“When they brought me Drucker’s report, I didn’t fall off my chair.” Never have I been so pleased that someone would minimize the importance of my reporting.
The first time we tried to challenge the military censor’s office over the story of the attack on the Syrian nuclear reactor, Ehud Olmert was still prime minister. Channel 10 News and I submitted a limited report for broadcast for the approval of the censor’s office, a report dealing with claims made by “members of the security cabinet” regarding the conduct of then-Defense Minister Ehud Barak in the months prior to the attack. The censor’s office turned us down.
We appealed. The main expert who came to address the forum authorized to consider the matter was the chief of Military Intelligence at the time, Amos Yadlin. It is Yadlin who was responsible for the above quote.
After Yadlin left, I tried my luck: “You’ve heard the head of Military Intelligence. If he says the report doesn’t harm the country’s security, how can it be barred?
“With all due respect to Yadlin, the authority is in my hands and not his, and I am barring the report,” replied the chief military censor at the time, Sima Vaknin. And in an exchange of words, she blurted out: “You don’t really believe that Barak delayed the attack on the reactor out of political considerations. That’s nonsense.”
I didn’t believe what I was hearing. I had known Vaknin to be a professional. Was it possible that there were ulterior motives involved in the decision to bar publication? To protect the boss, Barak?
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Channel 10 News and I filed a petition to the High Court of Justice. We produced quotes showing that the report didn’t present a lot that was new. Back in September of 2008, for example, retired Maj. Gen. Isaac Ben-Israel had told a community event in Be’er Sheva that “Barak opposed attacking the Syrian reactor.” It didn’t help. Shai Nitzan of the prosecutor’s office explained that Ben-Israel was not an official figure on the matter. The justices nodded empathetically and threw us out of court.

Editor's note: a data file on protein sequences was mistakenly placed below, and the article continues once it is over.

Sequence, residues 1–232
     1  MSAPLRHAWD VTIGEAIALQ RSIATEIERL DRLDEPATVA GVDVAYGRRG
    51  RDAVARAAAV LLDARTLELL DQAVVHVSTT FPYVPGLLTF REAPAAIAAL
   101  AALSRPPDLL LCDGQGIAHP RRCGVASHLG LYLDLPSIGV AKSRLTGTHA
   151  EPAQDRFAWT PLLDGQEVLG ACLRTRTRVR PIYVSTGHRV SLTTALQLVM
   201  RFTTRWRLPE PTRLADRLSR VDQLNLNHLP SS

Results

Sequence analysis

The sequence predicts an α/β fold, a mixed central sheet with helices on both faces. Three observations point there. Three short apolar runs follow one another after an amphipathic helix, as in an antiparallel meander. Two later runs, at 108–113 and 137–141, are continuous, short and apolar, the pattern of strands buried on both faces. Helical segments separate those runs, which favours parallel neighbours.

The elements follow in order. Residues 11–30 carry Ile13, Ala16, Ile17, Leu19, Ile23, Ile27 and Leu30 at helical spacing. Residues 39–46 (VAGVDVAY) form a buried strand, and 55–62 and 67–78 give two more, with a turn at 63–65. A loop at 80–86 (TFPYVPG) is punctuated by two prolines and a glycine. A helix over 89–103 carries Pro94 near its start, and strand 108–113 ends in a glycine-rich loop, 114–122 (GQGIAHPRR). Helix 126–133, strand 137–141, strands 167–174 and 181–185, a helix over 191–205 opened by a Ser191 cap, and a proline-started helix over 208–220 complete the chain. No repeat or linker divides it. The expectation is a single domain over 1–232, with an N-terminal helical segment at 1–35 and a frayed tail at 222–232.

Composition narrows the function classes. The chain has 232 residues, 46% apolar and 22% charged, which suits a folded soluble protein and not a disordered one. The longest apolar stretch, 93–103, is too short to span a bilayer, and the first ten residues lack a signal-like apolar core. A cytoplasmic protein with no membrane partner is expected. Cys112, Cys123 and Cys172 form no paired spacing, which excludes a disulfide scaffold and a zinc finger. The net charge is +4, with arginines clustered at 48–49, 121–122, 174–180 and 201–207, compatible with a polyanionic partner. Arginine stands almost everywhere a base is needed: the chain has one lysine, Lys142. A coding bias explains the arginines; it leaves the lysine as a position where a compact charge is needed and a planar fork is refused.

A few years later, we again petitioned the High Court. This time we came equipped with an entire film that included four interviews with Israeli decision makers and three senior American officials and, most notably, acknowledgements on the part of Israeli representatives regarding Israeli attacks in Syria in general and this attack in particular.
Representatives of the prosecutor’s office were asked an interesting question: If the secret is so great and the danger to state security so major, did anyone ask those interviewed in the film not to speak further with anyone? No, acknowledged the state’s representatives. It also turned out that it didn’t appear terribly problematic to them at the time that a technician recording the session and a photographer and a video editor and reporter would hear these things.
Two years later, a criminal investigation was opened involving precisely the same disclosure by Olmert. The offices of the publisher of his memoirs, Yedioth Books, were raided and it was claimed to be inconceivable that the staff of the publisher would be exposed to this gigantic secret without appropriate security clearance.
Over the past several years, a conspiracy theory circulated that the military censor was not allowing the disclosure because Prime Minister Benjamin Netanyahu didn’t want to see any glory given to Olmert. I didn’t believe it. The censor’s office always appeared to me an absurd place, but it was businesslike.
All of a sudden in October, the censor’s office decided to permit publication of an Israeli admission regarding the bombing of the reactor. The office had said that over the period of years, if a Channel 10 reporter had talked about the attack or broadcast an interview with a former prime minister, Syria’s dictator was liable to respond militarily.
The argument held for 10-1/2 years and then all of a sudden the disclosure was allowed in a twisted, faulty process in which ultimately it was not a Channel 10 reporter who spoke about it or even a former prime minister, but rather the current army chief of staff, air force commander and defense minister. Photos and recordings from the mission were also released. From a view that even a quasi-official admission of the bombing of the reactor would bring major risks to national security, we have now reached the point where official acknowledgement does no harm at all.
Allowing the disclosure was justified years ago. The view that it is better not to know is appropriate for dictatorships where the belief is that the most critical issues should be considered by a handful of people, and that the public should never be able to judge their actions.
If that’s the case, this entire process leaves a bitter taste of ulterior motives, both when the report was barred and when it was cleared for publication.